Sigma Octantis

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Sigma Octantis
Octans IAU.svg
Red circle.svg

Location of σ Octantis (circled)
Observation data
Epoch J2000.0      Equinox J2000.0 (ICRS)
Constellation Octans
Right ascension 21h 08m 46.83929s[1]
Declination −88° 57′ 23.3966″[1]
Apparent magnitude (V) 5.47[2]
Characteristics
Spectral type F0 III[3]
U−B color index +0.13[2]
B−V color index +0.26[2]
Variable type δ Sct[4]
Astrometry
Radial velocity (Rv) +11.9[5] km/s
Proper motion (μ) RA: +25.75[1] mas/yr
Dec.: +4.98[1] mas/yr
Parallax (π) 11.61 ± 0.31[1] mas
Distance 281 ± 8 ly
(86 ± 2 pc)
Absolute magnitude (MV) 0.86±0.09[6]
Details
Mass 1.59[7] M
Luminosity 38[8] L
Surface gravity (log g) 3.71[7] cgs
Temperature 7,415±252[7] K
Rotational velocity (v sin i) 145[4] km/s
Age 912[7] Myr
Other designations
Polaris Australis[9], σ Oct, CPD−89° 47, FK5 923, HD 177482, HIP 104382, HR 7228, SAO 258857[10]
Database references
SIMBAD data

Sigma Octantis (σ Octantis) is the current South Star. Its position near the southern celestial pole makes it the southern hemisphere's pole star; hence it is occasionally called Polaris Australis.[9] This is a solitary,[11] magnitude 5.47[2] star in the southern circumpolar constellation of Octans. Located approximately 281 light years from Earth, it is classified as a giant star with a spectral type of F0 III.[3] Sigma Octantis is a Delta Scuti variable, with its brightness varying by about 0.03 magnitudes every 2.33 hours.[4]

Sigma Octantis is the dimmest star to be represented on a national flag. It appears on the flag of Brazil, symbolising the Brazilian Federal District.[12]

Southern pole star[edit]

Sigma Octantis is the southern pole star, whose counterpart is Polaris, the current North Star. To an observer in the southern hemisphere, Sigma Octantis appears almost motionless and all the other stars in the Southern sky appear to rotate around it. It is part of a small "half hexagon" shape. It is over a degree away from the true south pole, and the south celestial pole is moving away from it due to precession of the equinoxes.

Locating Sigma Octantis[edit]

South Celestial Pole: the trapezoidal asterism at the centre includes Sigma Octantis

At magnitude +5.42, Sigma Octantis is barely visible to the naked eye, making it unusable for navigation, especially by comparison with the much brighter and more easily visible Polaris.[13] Because of this, the Crux constellation is often preferred for determining the position of the South Celestial Pole.[14] Once Sigma Octantis' approximate position has been determined, either by the major stars in Octans or using the Southern Cross method, it can be positively verified using an asterism: Sigma, Chi, Tau, and Upsilon Octantis are all stars of around magnitude 5.6, and form the distinctive shape of a trapezoid.

See also[edit]

References[edit]

  1. ^ a b c d e van Leeuwen, F. (2007), "Validation of the new Hipparcos reduction", Astronomy and Astrophysics, 474 (2): 653–664, arXiv:0708.1752Freely accessible, Bibcode:2007A&A...474..653V, doi:10.1051/0004-6361:20078357. 
  2. ^ a b c d Johnson, H. L.; et al. (1966), "UBVRIJKL photometry of the bright stars", Communications of the Lunar and Planetary Laboratory, 4 (99), Bibcode:1966CoLPL...4...99J.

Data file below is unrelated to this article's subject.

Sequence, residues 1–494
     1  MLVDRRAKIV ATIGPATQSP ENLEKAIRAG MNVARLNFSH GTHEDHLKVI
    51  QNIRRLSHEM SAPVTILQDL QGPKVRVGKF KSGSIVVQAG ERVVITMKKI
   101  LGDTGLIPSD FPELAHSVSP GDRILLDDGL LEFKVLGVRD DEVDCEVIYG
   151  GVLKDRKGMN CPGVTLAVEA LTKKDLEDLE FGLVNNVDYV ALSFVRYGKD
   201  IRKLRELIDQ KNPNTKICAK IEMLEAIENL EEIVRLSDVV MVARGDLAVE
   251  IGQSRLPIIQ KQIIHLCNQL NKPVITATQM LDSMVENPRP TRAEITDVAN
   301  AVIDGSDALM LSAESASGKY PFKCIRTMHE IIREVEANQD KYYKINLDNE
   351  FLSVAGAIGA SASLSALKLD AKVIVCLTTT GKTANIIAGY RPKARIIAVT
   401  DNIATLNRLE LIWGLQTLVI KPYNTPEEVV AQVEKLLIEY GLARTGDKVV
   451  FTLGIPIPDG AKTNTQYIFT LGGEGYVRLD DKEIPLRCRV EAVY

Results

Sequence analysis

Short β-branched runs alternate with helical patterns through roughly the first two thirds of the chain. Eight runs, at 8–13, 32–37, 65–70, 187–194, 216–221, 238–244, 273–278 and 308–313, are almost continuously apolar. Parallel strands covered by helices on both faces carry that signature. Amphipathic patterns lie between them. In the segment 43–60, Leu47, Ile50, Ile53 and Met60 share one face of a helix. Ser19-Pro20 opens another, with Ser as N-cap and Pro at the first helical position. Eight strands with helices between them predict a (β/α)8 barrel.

3. ^ a b Malaroda, S. (August 1975), "Study of the F-type stars. I. MK spectral types", Astronomical Journal, 80: 637−641, Bibcode:1975AJ.....80..637M, doi:10.1086/111786. 
  4. ^ a b c Rodríguez, E.; et al. (June 2000), "A revised catalogue of δ Sct stars", Astronomy and Astrophysics Supplement, 144: 469–474, Bibcode:2000A&AS..144..469R, doi:10.1051/aas:2000221. 
  5. ^ Wilson, Ralph Elmer (1953), "General catalogue of stellar radial velocities", Washington, Carnegie Institution of Washington: 0, Bibcode:1953GCRV..C......0W. 
  6. ^ Antonello, E.; Mantegazza, L. (November 1997), "Luminosity and related parameters of δ Scuti stars from HIPPARCOS parallaxes. General properties of luminosity", Astronomy and Astrophysics, 327: 240−244, Bibcode:1997A&A...327..240A. 
  7. ^ a b c d David, Trevor J.; Hillenbrand, Lynne A. (2015), "The Ages of Early-Type Stars: Strömgren Photometric Methods Calibrated, Validated, Tested, and Applied to Hosts and Prospective Hosts of Directly Imaged Exoplanets", The Astrophysical Journal, 804 (2): 146, arXiv:1501.03154Freely accessible, Bibcode:2015ApJ...804..146D, doi:10.1088/0004-637X/804/2/146. 
  8. ^ McDonald, I.; et al. (2012), "Fundamental parameters and infrared excesses of Hipparcos stars", Monthly Notices of the Royal Astronomical Society, 427: 343, arXiv:1208.2037Freely accessible, Bibcode:2012MNRAS.427..343M, doi:10.1111/j.1365-2966.2012.21873.x. 
  9. ^ a b Kaler, James B. (2006), The Hundred Greatest Stars, Springer Science & Business Media, p. 171, ISBN 0387216251. 
  10. ^ "sig Oct". SIMBAD. Centre de données astronomiques de Strasbourg. Retrieved 2017-08-10. 
  11. ^ Eggleton, P. P.; Tokovinin, A. A. (September 2008), "A catalogue of multiplicity among bright stellar systems", Monthly Notices of the Royal Astronomical Society, 389 (2): 869–879, arXiv:0806.2878Freely accessible, Bibcode:2008MNRAS.389..869E, doi:10.1111/j.1365-2966.2008.13596.x. 
  12. ^ "Astronomy of the Brazilian Flag". FOTW Flags Of The World website. 
  13. ^ "Sigma Octantis". Jumk.De. 26 July 2013. Retrieved 26 July 2013. 
  14. ^ "Finding South". CSIRO. 26 July 2013. Retrieved 26 July 2013.